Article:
The presenting symptoms of AAS include severe pain in the chest, abdomen, or back, depending on the location of aortic involvement. Patients may be hemodynamically unstable if rupture has occurred, but are more often hypertensive on presentation. The initial challenge in making the correct diagnosis is the similarity of symptoms with other more common entities, such as myocardial infarction, pulmonary embolus, endocarditis, pancreatitis, or other more benign causes of abdominal or back pain. Appropriate consideration should be given to these other life-threatening conditions, but it is essential to perform appropriate imaging studies to evaluate for the presence of aortic disease. In particular, thin-cut (≤ 2 mm) CTA with arterial and venous phase imaging is valuable not only for making the diagnoses but also for assessing the often subtle differences between AAD and IMH with or without a focal intimal disruption (see the Pearls and Pitfalls of Early Diagnostic Evaluation for Acute Aortic Pathologies sidebar).4 Important factors to focus on from initial imaging include the location of the primary entry tear and extent of involvement for AAD, the location of the IMH (ascending vs descending aorta), overall size of the aorta, total aortic diameter for AAD, flow within the FL, and the presence of malperfusion to the extremities or viscera (Figure 3). Type A dissection is typically considered a surgical emergency, but the management of type B dissection/IMH has further nuance depending on acuity and complicating features. Herein, we primarily focus on acute aortic pathology distal to the arch.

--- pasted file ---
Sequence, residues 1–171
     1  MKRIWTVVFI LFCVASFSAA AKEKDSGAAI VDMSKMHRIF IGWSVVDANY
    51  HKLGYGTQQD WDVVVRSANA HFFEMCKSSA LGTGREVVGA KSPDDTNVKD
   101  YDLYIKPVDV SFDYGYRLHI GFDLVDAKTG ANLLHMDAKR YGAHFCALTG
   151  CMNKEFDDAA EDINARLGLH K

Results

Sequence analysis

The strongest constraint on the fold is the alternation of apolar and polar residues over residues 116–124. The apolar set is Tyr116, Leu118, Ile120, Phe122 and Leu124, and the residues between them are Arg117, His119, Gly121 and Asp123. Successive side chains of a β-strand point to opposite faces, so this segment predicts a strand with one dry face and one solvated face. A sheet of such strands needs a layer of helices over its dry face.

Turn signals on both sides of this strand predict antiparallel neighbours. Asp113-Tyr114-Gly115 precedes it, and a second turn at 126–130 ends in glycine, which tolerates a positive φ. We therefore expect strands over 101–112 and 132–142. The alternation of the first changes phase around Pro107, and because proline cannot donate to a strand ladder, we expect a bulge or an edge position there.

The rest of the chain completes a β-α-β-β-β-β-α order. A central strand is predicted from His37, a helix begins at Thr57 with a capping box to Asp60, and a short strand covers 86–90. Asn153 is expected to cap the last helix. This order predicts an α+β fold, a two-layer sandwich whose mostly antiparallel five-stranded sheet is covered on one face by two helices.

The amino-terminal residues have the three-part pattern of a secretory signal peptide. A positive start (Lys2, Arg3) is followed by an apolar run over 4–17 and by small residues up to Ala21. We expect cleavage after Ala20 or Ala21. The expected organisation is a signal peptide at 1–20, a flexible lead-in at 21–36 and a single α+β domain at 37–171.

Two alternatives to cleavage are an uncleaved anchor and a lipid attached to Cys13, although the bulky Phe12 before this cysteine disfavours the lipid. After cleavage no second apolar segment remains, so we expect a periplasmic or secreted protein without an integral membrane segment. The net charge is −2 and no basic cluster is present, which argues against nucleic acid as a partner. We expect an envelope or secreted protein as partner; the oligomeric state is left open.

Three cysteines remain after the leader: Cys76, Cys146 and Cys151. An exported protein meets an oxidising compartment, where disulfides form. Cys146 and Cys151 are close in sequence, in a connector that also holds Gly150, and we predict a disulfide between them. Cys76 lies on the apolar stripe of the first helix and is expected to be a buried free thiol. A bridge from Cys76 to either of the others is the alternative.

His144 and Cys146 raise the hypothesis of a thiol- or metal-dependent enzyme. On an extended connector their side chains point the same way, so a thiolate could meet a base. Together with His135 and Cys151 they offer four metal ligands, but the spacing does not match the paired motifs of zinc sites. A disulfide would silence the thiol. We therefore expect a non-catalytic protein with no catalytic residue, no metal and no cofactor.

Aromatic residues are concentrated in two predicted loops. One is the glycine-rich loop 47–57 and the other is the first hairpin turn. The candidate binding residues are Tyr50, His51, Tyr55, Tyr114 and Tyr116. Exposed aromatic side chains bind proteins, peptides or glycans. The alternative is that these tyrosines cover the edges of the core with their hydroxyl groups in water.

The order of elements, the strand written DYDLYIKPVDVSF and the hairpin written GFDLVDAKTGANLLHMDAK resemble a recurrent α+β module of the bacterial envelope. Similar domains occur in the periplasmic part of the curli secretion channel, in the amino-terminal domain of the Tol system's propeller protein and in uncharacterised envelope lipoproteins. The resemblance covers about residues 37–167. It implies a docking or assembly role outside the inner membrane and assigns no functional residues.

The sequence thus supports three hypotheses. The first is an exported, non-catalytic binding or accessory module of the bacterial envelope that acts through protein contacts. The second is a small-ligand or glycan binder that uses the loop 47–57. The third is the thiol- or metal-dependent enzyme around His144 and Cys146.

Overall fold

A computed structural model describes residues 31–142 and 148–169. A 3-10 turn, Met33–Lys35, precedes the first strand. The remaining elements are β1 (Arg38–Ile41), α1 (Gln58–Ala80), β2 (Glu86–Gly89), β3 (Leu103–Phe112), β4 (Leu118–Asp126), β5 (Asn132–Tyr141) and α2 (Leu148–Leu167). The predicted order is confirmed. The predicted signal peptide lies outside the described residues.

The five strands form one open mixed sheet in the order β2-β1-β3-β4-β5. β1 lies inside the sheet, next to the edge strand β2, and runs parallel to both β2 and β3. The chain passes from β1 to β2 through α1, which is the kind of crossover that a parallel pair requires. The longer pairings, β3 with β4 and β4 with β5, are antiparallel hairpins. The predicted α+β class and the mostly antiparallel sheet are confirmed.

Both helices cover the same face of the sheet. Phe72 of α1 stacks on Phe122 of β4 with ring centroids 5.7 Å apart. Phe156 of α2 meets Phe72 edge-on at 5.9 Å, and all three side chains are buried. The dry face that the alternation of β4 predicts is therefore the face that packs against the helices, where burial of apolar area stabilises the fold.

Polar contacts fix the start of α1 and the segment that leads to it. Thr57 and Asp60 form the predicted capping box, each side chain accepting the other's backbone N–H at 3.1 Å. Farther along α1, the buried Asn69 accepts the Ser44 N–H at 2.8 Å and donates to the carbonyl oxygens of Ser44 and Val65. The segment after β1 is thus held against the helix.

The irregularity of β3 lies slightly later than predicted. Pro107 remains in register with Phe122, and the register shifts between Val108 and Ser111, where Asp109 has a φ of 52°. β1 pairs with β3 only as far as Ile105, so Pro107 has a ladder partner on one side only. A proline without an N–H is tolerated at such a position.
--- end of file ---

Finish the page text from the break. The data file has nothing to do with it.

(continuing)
• Thin-cut (≤ 2 cm) CTA with arterial and venous phase is the diagnostic test of choice and should be used in cases of suspected dissection

• Use of electrocardiography gating on CTA can improve the ability to evaluate septal anatomy

• It is important to identify:

- Primary entry tear and extent of dissection

- Diameter of the aorta and FL

- Presence of flow within the FL

- Signs of malperfusion

• Dynamic imaging, such as MRA, can demonstrate septal behavior and flow and help evaluate for dynamic malperfusion in equivocal cases


• CTA only demonstrates opacification and not flow, and malperfusion can be misread depending on contrast timing

• Myocardial infarction or other life-threatening etiologies can be missed